And he was very good at helping with the writing, research. So we researched new market tax credits. He researched our community. So we found out in through the research that our city has sold a hospital. And so when the city sells a hospital, certain amount of the proceeds have to go back to health related issues in the community. Well, there was $4 million sitting in a fund that they had not done anything with. And so then we as an afterschool program, you’re like, well, what does an afterschool program have to do with health services? Well, we provide a program that helps educate the kids on drug and alcohol prevention. So we posed that project and we got $2 million, but I wouldn’t have known about that pocket of money had it not been for him doing the research, which I did not have time to do.

And we decided not to go the new market tax credit way, but it was because it wasn’t a fit for us. And so he was able to do that research. So a good consultant when you’re doing your capital campaign can go a long way. Now I will tell you this, we pay him, and at the time I was just a little steep, we’re walking out here in faith, I think it was, and it was probably, it’s cheap because we were paying him $5,000 a month. But in my head, in the third poorest county and a nonprofit, I was like, this is a lot of money, is this going to happen? But he came through us and it was just having someone to be able to strategize with having someone to know that, okay, you have to get this foundation to get this foundation, and this foundation only likes to fund this. I’ll tell you one of the great things that he did.

So he did a proposal for the Kresge Foundation and we submitted the Kresge Foundation, but it was 2008. They awarded that, but they also had crises money that they were giving out because it was the recession. So we got an additional $125,000 for our operating budget and that could not have happened without.

The Roles Campaign Consultants Play

Andrea Kihlstedt:
It’s interesting to talk for a minute about the roles consultants play in campaigns. And I think there really is, for many organizations, there’s a real role in having somebody who can research and help with all of the foundation work. That’s a big piece of work. Not for every organization, but for some organizations they will rely heavily on that. And there are people who really, consultants who really are very seasoned and experienced in that. That’s one important role for a particular kind of consultant.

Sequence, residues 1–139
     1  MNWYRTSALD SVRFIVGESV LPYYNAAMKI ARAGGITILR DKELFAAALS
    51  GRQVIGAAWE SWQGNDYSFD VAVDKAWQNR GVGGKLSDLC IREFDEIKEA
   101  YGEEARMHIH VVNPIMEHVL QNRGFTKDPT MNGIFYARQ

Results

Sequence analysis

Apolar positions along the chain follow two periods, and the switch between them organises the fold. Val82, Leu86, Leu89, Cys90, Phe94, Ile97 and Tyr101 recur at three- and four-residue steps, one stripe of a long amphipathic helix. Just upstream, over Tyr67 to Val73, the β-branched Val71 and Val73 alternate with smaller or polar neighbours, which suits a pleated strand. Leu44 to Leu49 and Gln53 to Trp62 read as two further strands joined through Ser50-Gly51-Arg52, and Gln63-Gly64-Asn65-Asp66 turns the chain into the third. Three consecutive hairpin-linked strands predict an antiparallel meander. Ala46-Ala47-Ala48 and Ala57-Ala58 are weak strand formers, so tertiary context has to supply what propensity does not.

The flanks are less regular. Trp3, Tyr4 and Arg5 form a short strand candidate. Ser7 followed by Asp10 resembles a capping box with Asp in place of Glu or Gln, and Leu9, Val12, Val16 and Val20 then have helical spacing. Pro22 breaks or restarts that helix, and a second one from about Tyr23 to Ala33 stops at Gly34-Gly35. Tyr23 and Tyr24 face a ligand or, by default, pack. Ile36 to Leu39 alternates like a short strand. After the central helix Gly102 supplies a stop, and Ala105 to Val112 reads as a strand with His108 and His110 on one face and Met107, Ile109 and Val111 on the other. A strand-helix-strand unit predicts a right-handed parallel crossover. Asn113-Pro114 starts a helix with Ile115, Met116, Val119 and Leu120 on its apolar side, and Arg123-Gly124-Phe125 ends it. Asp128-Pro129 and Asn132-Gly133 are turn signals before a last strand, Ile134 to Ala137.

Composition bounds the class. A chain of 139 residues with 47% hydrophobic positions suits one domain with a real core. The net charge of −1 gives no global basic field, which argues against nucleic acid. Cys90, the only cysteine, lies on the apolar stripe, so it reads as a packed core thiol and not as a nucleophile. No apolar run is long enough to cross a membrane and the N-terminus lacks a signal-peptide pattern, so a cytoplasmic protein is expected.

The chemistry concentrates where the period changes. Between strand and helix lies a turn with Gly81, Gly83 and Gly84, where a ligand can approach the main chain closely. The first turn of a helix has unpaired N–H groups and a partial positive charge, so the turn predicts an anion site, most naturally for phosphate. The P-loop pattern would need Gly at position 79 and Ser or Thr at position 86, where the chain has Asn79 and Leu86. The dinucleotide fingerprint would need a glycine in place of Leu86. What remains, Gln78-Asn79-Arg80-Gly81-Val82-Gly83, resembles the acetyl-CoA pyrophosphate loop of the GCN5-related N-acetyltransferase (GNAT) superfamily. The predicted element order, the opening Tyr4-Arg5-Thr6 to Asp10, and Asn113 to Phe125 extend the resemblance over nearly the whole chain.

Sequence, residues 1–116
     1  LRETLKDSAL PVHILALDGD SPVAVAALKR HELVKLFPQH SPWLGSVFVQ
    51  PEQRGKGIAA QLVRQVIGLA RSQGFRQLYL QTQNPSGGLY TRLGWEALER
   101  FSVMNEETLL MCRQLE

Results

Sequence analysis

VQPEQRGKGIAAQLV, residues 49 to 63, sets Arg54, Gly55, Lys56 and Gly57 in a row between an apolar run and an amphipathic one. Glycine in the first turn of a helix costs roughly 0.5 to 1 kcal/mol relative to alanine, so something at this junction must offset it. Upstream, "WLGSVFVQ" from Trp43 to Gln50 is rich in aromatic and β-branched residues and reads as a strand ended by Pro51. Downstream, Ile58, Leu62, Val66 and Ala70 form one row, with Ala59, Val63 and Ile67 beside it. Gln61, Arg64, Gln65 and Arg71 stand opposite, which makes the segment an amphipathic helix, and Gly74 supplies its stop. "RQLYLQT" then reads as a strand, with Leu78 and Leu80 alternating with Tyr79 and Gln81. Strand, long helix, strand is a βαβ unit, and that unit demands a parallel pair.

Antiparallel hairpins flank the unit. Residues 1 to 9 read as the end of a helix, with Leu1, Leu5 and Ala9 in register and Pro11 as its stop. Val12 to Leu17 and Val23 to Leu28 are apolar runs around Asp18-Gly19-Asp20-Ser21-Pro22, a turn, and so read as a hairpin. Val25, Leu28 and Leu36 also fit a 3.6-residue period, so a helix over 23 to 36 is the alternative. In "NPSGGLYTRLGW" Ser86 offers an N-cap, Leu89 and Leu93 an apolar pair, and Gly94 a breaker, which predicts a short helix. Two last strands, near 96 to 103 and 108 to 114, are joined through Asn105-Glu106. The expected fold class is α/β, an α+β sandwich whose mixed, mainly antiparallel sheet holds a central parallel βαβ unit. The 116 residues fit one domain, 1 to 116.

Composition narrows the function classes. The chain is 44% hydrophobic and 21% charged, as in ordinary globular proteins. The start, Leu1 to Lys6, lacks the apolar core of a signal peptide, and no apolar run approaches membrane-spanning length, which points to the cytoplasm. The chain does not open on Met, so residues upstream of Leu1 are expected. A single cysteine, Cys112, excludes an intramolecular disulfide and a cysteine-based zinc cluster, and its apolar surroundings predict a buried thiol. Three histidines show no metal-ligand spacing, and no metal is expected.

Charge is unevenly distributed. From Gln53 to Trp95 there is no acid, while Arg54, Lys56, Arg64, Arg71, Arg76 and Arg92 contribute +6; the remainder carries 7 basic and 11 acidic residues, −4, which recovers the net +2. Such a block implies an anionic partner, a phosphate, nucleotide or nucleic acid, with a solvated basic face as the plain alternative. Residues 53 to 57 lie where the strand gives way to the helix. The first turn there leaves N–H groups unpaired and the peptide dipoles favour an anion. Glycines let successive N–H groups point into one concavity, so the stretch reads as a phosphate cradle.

Then there are consultants that provide strategy and those don’t have to be the same person actually. You can have two different kinds of people that you hire. Someone who works on prospect research and foundation research, someone who works on holding your hand and helping to understand the strategy and how do you build the team that you built. So I think it really, actually, it’s an interesting topic for us for another podcast, Amy, is to talk about the various models of consultancies and how people might think about doing that. But it’s interesting to hear how effective your person was.

Sabrina Walker Hernandez:
Very, very, very much so, and my sounding board on a lot of things. But in the foundation, identifying on the foundations very, very helpful.

Amy Eisenstein:
Very helpful. Yeah.

Sabrina Walker Hernandez:
Yeah.

Lessons Learned Overcoming Campaign Challenges

Amy Eisenstein:
Good. Alright. Let’s think about, if you could think of some lessons learned or things that you could give as encouragement for others that are heading into capital campaigns, what are some of the key, maybe we’ve talked about many of them already, but let’s either highlight or think of a new one.

What do you want to leave listeners with in terms of what advice would you give them as they head into capital campaigns?

Sabrina Walker Hernandez:
It’s two points:

  1. One, and we’ve talked about, but I want to restate it, is share your vision as much as you can to as many people as you can, because you never know who’s listening. So if that’s you are trying to accomplish a 32,000 square foot facility, then say that and your why.
  2. Number two is going to be, if you notice on my capital campaign, it was a separate from my board. My board didn’t have the bandwidth to complete that.